October 19, 2000
Founder of Autism School
To Give Annual Livingston Lecture
Longtime California State University, Sacramento psychology professor Joseph Morrow, whose consulting group last year built the country's only school designed specifically for children with autism, has been chosen to deliver this year's Livingston Lecture.
The honor is among the University's most prestigious recognitions of academic excellence.
At the convocation, Morrow will talk about his Applied Behavior Consultants School, located in Southeast Sacramento, and the theory behind its highly successful methods. The talk will be titled "Applied Behavior Analysis and the Treatment of Autism" and will be at 3 p.m., Thursday, Nov. 2 in the University Ballroom.
"The challenge of these children is that, quite literally, they don't care much about us," Morrow explains. "Our approval and understanding isn't all that important to them. We have to teach them to socialize."
Autism is a neurological disorder of unknown cause. Children with it are excessively self-preoccupied - they don't seek social interaction, which leads to trouble speaking, violent tantrums and other problems.
Morrow says about 1 in 500 children are diagnosed with autism today, 10 times the number 30 years ago when he began teaching at CSUS.
The ABC School was completed last October. It's one of just a dozen applied behavior analysis schools for teaching children with autism in the nation, and the only one specifically designed for that purpose. Among its features are non-flickering lights and special soundproof walls, since autistic children are especially sensitive to changing light and to sound.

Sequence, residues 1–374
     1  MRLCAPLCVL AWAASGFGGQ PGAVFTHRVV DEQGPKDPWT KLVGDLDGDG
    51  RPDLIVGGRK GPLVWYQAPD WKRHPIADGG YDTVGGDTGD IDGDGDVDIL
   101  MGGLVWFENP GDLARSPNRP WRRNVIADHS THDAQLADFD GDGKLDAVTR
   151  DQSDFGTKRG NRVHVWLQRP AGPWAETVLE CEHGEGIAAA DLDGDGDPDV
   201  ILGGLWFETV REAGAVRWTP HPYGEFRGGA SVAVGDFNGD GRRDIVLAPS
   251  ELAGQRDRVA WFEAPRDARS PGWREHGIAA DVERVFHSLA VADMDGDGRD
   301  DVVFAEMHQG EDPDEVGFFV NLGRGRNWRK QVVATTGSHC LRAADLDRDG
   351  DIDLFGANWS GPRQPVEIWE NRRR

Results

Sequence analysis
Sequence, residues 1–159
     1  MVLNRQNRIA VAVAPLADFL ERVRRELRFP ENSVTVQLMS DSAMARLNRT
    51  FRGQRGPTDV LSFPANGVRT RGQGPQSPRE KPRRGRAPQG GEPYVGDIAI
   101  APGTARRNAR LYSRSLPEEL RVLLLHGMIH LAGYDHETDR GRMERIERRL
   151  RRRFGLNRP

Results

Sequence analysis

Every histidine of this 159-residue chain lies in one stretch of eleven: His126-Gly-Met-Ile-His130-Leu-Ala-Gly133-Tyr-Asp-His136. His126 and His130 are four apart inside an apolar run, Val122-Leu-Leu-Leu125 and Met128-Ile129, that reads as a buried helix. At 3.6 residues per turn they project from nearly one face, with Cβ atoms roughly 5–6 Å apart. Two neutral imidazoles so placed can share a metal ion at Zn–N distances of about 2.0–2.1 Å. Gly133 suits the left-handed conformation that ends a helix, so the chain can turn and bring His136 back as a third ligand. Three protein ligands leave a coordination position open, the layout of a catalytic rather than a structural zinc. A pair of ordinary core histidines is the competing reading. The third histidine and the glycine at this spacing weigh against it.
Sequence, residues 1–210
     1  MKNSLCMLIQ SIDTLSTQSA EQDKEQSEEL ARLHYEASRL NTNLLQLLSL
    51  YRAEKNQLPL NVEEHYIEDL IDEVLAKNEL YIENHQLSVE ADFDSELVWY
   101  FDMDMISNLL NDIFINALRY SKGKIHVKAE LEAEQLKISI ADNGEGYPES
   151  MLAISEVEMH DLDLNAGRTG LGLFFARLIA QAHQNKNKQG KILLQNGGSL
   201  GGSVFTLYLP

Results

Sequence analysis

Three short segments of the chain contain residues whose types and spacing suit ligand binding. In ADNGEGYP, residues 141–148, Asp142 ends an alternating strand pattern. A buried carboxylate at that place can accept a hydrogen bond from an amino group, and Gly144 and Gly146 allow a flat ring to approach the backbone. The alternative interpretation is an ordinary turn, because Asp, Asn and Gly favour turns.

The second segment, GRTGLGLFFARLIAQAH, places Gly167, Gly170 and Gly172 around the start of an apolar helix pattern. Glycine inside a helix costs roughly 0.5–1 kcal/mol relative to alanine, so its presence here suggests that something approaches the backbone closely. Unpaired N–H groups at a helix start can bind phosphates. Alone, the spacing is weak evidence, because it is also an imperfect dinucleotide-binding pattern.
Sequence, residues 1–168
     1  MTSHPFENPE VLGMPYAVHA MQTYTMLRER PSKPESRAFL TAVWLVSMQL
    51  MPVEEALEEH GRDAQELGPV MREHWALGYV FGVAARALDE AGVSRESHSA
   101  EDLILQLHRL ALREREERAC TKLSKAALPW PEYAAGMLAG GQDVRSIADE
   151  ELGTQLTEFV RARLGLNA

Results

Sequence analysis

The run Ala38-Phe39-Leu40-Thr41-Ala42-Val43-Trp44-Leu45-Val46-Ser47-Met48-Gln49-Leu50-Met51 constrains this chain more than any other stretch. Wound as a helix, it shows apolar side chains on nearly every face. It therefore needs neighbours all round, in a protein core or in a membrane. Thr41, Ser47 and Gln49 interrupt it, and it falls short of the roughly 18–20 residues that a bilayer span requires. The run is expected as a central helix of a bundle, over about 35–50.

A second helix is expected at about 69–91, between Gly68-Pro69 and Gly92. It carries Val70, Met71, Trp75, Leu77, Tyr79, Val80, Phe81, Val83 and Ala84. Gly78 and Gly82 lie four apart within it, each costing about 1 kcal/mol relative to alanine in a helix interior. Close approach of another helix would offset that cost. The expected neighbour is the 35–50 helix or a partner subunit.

Morrow says ABC can help about 40 percent of autistic children get into mainstream public education classes, if the program is begun by the time the child is four. Other children can usually be helped into public school special education programs.
Morrow and his business partner, CSUS alumnae Brenda Terzich, began Applied Behavior Consultants 13 years ago. Today, 50 ABC staff work with about 70 children each year, primarily under agreements with Sacramento area school districts. More ABC staff provide the intense lessons, which last 30-40 hours a week per child, in the homes of about 100 children.
Not surprisingly, about a third of the ABC staff are graduates of the CSUS psychology department where Morrow teaches.
The Livingston Lecture is named in honor of the late Jack Livingston, a highly respected CSUS government professor and faculty leader from 1954 to 1982. Livingston was well known as a teacher, scholar and friend to his colleagues, but most of all as an inspiration to a generation of faculty and students.
The annual event recognizes a faculty member who has played an active role in the life of the University and shown a strong commitment to students, while remaining active in creative and scholarly activities. It is organized by the Faculty Senate.
Morrow joined the CSUS faculty in 1970. He earned his bachelor's and master's degrees at CSUS and his doctorate at Washington State University.
More information is available by contacting the CSUS public affairs office at (916) 278-6156.
For further information send E-Mail to: firstname.lastname@example.org.
Index of Stories
Return to CSUS Home Page